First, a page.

Bye, Bye B-School
MOST people who knew Gabriel Hammond at Johns Hopkins in the late 1990s could have predicted he would rise quickly on Wall Street. As a freshman, he traded stocks from his dorm room, making a $1,000 bet on Caterpillar. Soon after, he abandoned his childhood dream of becoming a lawyer and, upon graduation, joined Goldman Sachs as a stock analyst.
Three years into his new job, Mr. Hammond noticed something. Very few of his young co-workers were taking a hiatus from Wall Street to go to business school, long considered an essential rung on the way to the top of the corporate ladder.
So he, too, decided to forgo an M.B.A.. Instead, he raised $5 million and started his own hedge fund, Alerian Capital Management, in 2004. The fund now manages $300 million out of offices in New York and Dallas, and Mr. Hammond, 28, enjoys seven-figure payouts.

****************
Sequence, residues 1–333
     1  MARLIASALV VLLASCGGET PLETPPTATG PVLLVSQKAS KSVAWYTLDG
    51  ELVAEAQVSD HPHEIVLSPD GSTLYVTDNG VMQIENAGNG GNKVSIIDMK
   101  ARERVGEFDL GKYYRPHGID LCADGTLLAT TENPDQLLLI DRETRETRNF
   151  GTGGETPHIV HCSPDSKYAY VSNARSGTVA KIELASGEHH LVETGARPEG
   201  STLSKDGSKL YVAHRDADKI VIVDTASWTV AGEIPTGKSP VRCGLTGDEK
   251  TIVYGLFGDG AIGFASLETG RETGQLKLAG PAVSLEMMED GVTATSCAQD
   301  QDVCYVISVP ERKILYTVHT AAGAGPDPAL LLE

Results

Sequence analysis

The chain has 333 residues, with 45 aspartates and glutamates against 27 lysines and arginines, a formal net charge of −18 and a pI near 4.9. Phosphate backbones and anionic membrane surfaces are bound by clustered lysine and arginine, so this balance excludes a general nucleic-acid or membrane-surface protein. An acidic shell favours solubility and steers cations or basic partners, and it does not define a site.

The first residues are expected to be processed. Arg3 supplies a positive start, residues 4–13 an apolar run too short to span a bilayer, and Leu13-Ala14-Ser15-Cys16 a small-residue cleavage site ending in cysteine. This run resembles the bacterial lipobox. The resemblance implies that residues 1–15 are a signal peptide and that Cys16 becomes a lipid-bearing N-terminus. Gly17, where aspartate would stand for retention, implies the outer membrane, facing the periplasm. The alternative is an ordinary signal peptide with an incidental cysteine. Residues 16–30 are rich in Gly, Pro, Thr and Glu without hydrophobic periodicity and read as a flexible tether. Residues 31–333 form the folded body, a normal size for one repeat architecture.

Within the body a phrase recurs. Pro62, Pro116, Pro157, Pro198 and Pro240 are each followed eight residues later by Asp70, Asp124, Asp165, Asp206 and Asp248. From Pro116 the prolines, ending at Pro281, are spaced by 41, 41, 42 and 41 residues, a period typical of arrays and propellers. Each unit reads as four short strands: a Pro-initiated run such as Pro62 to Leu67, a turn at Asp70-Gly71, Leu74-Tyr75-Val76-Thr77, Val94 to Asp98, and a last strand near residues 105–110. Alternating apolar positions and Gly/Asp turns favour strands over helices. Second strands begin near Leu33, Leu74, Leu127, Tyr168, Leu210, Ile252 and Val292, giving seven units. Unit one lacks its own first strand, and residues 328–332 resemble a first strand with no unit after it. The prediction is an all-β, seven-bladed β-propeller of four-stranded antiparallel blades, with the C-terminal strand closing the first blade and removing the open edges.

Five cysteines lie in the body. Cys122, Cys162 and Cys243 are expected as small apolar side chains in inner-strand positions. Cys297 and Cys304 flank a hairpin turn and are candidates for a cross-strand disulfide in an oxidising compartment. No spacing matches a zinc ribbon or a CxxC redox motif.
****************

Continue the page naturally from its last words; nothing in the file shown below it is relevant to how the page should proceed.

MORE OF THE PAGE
What’s missing is any understanding of or exposure to the down-side.
The new ranks of traders and high-octane number crunchers on Wall Street are also a breed apart from celebrated long-term investors like Warren E. Buffett and investment banking gurus like Felix G. Rohatyn. What sets the new crowd apart is the need for speed and a thirst for instant riches.
What’s missing is an understanding of anything other than the hype of being ‘a breed apart.’
In 1928, greed, speed and instant riches set the stage for 1929.